Hoping for the best but planning for the worst is often a key component for the success of any financial plan.

3. Being nimble and embracing ambiguity

You have to accept that any plan isn’t going to work out exactly as you expected. You cannot predict the future, nor can you account for things going wrong that are outside of your control.

Despite our best efforts to research everything, speak to friends who had travelled to these places and create a plan that we felt was flawless, the reality is that we hit a number of problems that threw things out, cost us more money and created some difficult moments.

Take our arrival at the airport in Bali as we flew to Australia, for example.

“Passports please sir”… “and your Australian visas”…

“Errr, our what sorry?”.

At this point I knew that I had missed something key to get us on this flight. We had to apply for visas on the spot, but the system was down, and they wouldn’t let us board. It was 9pm and Winnie was kicking off and we had to book a hotel, pay to change our flights and at the time, it felt like the world was against us. But we always knew things would go wrong and we quickly decided to laugh it off, use our contingency budget and readjust the plan.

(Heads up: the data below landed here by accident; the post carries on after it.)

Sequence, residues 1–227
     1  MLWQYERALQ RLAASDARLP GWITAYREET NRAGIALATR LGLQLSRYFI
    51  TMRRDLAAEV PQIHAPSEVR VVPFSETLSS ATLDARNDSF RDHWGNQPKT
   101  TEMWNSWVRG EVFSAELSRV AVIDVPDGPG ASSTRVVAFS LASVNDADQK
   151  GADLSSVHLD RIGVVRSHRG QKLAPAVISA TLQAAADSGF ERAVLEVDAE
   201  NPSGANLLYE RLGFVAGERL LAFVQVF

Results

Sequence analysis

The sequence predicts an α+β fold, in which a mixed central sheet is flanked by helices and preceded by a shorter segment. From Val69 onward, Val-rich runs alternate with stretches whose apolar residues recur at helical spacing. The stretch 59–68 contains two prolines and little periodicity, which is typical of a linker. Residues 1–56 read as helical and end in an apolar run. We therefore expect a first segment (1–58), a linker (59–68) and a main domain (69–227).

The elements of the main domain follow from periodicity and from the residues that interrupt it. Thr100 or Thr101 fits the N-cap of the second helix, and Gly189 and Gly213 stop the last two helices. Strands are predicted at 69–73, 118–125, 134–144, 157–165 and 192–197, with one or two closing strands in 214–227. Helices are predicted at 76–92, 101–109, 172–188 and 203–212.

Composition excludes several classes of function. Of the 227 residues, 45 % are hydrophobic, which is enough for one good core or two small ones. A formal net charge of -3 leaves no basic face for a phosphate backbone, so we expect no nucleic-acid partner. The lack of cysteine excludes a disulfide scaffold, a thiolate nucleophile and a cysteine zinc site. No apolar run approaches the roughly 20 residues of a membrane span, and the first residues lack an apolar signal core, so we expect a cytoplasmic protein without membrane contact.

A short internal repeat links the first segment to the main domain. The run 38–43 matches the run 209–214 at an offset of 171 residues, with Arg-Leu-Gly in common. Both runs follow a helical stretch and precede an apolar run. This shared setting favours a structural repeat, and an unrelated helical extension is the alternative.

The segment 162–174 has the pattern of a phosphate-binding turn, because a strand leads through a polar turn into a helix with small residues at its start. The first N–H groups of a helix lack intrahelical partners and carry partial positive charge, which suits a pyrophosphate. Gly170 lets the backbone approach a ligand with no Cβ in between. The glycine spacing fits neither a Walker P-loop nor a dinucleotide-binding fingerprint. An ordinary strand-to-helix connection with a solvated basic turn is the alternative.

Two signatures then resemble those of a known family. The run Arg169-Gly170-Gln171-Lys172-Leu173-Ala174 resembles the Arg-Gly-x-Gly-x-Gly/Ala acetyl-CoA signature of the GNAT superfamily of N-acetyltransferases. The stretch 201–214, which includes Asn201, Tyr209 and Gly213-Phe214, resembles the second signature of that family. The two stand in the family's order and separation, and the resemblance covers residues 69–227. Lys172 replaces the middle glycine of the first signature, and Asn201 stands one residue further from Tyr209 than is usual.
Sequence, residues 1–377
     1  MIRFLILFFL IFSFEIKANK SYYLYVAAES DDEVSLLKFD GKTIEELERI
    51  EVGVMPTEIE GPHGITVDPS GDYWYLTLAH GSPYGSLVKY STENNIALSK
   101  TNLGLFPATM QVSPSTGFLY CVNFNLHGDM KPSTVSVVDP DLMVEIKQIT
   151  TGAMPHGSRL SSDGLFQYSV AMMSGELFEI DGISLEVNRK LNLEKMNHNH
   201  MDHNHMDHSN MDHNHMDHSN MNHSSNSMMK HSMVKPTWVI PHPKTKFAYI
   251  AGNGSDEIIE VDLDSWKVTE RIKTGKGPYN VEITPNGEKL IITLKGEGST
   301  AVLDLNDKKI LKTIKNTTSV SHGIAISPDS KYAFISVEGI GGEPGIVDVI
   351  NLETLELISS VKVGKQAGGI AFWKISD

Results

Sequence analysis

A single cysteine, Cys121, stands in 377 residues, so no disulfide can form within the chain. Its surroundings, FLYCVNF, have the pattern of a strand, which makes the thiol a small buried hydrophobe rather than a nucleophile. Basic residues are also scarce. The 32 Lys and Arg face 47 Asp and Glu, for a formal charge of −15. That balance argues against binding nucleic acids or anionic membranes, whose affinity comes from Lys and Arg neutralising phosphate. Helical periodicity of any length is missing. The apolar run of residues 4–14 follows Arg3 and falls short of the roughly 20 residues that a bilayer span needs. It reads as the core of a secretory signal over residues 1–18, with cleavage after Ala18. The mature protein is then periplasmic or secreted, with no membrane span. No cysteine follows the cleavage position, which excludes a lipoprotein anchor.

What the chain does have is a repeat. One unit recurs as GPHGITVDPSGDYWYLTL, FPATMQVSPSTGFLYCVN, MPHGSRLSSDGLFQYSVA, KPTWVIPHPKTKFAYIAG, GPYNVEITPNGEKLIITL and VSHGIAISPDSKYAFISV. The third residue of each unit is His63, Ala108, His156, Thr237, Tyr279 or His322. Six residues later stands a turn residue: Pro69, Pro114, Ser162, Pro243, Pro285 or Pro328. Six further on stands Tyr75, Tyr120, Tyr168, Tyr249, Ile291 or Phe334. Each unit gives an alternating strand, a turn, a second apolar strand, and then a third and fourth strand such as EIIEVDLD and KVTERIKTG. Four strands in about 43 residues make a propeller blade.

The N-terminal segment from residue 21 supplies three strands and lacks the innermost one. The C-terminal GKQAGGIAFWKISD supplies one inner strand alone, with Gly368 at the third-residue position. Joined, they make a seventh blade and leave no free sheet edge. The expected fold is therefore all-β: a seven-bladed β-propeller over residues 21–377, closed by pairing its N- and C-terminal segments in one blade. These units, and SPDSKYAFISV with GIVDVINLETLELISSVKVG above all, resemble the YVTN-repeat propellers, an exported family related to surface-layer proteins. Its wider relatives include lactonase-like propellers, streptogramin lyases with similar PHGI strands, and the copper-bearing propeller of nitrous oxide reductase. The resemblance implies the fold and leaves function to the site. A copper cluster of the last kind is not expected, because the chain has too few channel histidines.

Travelling exposes you to the unpredictable nature of life, and being flexible is essential. You may encounter unexpected changes in plans, unforeseen circumstances that require adaptability or just make a simple mistake that has an immediate impact.

This lesson is crucial in financial planning as well. Markets fluctuate, and life circumstances change. Being adaptable with your investment strategy, retirement plans, and overall financial goals allows you to navigate through various economic climates and life stages.

In summary, the experiences gained from travelling the world with our family can offer valuable insights into budgeting, planning for any mishaps or disasters, and adaptability. Applying these lessons to your financial planning can help you build a resilient and well-balanced financial future for you and your loved ones. I’d highly recommend taking a baby around the world and travelling in the way that we did, we have stories for days and a family bonding experience we won’t replicate ever again.

And just to be clear, you do need a visa to get into Australia.